We ran exclusively on these numbers and these numbers alone for 3 years. Our book keeper noticed that we had a growing number of basic members coming in around a half-dozen times a month – 1-2 times a week. To reduce recordkeeping and the potential for invoices getting missed, we crafted a “six pack”. This was simply a basic membership with 6 drop in days included instead of 1. No discounts. Just straight arithmetic. $25 + (5 x $15). This model also filled in the pricing gap between $25/month and $175 a month quite nicely. We don’t list this membership on our website yet, it’s been a bit of an ongoing experiment but has been a fairly popular basic member upgrade.
The importance of basic membership
Geoff and I agree that the basic membership is the most important “innovation” we’ve brought to coworking, from the perspective of making coworking able to be a sustainable business while being community focused.
The existence of a basic membership allows us to explain Indy Hall in a way that decouples membership from desk usage. Yes, you can use desks at Indy Hall and that’s a huge value. But it’s not the only value. Over 60% of our total membership are basic members (or 6 packs, which we consider a basic member derivative). 50% of those basic members never – and I mean NEVER – use desks.
But basic membership is also our fastest growing membership level. Basic membership lets us decouple our revenue from square footage. Some people pay the $25/month as an “association fee” to be a part of the club and have a channel to get to know the smartest, most interesting, creative people in Philadelphia. Others enjoy our chat room or our private forum. Others just like knowing what’s going on. Others only attend events. Others only organize events.
We’re also able to stay strong to our principals without having painful barriers. Our conference rooms are in demand. Sorry, they’re for members only. Want to sign up? You might find other things you’ll enjoy about Indy Hall. It starts at only $25/month. Want to attend Night Owls, our pilot program of evening working sessions? All it takes is a basic membership! This event is growing very fast as a hybrid productivity/social gathering, and every Wednesday being included in our basic membership has created a growth spurt large enough that we’re still deciding how to manage.
From a business perspective, this means that close to 40% of our revenue is generated by 60% of our members. Why is this important?
It’s a core value. So its a part of our model.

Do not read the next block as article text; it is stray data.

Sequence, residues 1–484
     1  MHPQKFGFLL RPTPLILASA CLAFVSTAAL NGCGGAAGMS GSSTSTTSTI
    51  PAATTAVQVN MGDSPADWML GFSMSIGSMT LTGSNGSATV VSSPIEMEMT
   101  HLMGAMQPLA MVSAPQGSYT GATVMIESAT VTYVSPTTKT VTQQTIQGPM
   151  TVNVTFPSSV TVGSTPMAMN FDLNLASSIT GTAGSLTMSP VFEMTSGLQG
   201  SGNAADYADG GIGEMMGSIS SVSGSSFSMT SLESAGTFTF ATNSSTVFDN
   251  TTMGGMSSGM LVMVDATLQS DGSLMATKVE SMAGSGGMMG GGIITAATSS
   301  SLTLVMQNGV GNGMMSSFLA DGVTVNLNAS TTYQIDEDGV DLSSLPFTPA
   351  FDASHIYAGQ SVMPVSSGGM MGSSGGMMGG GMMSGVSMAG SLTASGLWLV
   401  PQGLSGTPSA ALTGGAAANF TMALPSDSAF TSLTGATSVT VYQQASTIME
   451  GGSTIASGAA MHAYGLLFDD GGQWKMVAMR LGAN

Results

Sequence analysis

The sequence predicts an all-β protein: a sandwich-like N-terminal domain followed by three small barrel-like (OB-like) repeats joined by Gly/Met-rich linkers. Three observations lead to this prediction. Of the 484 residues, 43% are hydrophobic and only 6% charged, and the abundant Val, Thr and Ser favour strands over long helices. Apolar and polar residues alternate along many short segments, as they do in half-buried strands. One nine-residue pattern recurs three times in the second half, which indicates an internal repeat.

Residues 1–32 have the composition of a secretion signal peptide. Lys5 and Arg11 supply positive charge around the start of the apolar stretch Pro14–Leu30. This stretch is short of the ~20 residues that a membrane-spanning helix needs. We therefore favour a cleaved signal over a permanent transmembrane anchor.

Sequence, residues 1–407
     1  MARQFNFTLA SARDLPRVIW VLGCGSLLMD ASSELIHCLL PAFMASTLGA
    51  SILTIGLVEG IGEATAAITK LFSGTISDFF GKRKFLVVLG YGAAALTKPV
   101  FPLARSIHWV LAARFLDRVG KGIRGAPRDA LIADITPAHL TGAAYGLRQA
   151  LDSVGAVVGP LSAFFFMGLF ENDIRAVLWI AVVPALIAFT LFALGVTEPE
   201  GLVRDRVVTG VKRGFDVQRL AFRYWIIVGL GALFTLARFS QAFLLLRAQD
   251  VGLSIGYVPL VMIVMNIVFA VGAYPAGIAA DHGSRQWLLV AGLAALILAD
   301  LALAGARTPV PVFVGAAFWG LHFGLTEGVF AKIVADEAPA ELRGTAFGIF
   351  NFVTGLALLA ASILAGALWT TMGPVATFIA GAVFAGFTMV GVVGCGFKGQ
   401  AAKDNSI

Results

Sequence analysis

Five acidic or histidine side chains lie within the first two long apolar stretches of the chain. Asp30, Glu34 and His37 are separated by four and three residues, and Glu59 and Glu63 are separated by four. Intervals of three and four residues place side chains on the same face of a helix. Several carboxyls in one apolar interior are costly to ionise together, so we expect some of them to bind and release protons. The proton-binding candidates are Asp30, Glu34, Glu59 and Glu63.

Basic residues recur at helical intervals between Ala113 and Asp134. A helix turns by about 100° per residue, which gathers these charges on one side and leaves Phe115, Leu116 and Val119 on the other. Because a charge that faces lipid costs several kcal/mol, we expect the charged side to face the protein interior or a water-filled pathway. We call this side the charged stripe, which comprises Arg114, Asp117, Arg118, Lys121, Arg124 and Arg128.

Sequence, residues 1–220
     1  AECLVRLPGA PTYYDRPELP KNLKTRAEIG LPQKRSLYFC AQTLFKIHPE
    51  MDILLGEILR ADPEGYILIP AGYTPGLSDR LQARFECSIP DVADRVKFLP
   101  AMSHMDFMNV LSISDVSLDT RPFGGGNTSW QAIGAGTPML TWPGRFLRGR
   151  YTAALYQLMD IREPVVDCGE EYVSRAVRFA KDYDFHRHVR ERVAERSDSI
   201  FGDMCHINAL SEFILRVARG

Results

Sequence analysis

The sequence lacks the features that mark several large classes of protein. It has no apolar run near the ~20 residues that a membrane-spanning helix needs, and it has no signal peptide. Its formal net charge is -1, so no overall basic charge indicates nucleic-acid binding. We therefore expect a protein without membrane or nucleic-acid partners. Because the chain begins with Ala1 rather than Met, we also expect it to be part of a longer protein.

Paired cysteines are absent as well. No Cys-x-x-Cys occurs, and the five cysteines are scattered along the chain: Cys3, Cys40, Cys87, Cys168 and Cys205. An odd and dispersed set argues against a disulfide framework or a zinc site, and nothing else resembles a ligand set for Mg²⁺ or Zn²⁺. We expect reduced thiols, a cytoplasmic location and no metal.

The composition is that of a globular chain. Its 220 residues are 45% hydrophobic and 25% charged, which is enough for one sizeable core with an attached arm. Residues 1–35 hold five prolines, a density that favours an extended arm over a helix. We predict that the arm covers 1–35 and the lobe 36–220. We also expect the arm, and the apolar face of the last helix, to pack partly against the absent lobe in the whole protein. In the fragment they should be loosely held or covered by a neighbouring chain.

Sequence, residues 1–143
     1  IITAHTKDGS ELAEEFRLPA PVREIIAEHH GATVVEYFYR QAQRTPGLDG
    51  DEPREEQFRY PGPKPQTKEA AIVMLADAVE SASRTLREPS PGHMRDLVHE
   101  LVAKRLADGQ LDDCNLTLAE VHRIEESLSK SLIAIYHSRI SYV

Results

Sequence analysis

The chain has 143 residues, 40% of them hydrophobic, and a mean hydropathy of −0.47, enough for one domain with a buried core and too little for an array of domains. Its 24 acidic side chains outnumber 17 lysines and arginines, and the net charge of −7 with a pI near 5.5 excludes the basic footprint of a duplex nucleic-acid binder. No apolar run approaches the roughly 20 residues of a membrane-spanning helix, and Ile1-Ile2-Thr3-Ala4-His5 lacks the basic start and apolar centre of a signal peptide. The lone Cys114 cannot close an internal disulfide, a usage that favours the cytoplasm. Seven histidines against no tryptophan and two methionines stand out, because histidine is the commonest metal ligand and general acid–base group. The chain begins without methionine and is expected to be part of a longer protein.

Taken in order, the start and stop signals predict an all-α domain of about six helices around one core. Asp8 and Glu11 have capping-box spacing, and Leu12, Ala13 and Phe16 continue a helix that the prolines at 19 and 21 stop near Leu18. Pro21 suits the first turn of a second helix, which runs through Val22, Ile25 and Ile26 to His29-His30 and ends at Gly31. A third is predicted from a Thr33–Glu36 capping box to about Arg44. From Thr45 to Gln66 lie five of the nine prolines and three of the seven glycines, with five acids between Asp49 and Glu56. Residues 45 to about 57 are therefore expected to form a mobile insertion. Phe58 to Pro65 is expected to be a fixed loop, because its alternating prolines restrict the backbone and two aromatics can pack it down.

Many coworking models depend on an anchor tenant or tenants to survive. These larger rentals subsidize things for the community. The issue is that every time one of these anchors leaves (which happens, which is okay), the coworking space scrambles to replace them. This is a distraction from the community.
Instead, our model puts our foundation – 40% of our revenue, enough to cover our rent expense – on a distributed platform of basic members. Not only does this foundation have less risk than one or two anchor tenants, but it’s also the part of the membership model with the most growth opportunity. We’re never trying to figure out “how to fit more full time desks because we need them in order to pay the bills!”, which is a common solution I see implemented with little success.
Current membership counts (as of 2011). You do the math.
- 30 – Full Time
- 18 – Lite
- 9 – Six Pack
- 79 – Basic
In the last year, we’ve fluxed between 30 and 35 full time members depending on the season.
Update: in 2015, these ratios are remarkably similar…there’s just more of us!
We’ve kept our membership simple – this removes confusion about which membership might be for you. We also made them relative to desired participation. Of course, we’re also providing month-to-month agreements and you can upgrade or downgrade with 30 days notice.
“Flexible” memberships are only half of the equation. The memberships need to make sense for the members and the business. If they only make sense for members, the business will die. If they only make sense for the business, the members won’t be able to maintain their memberships.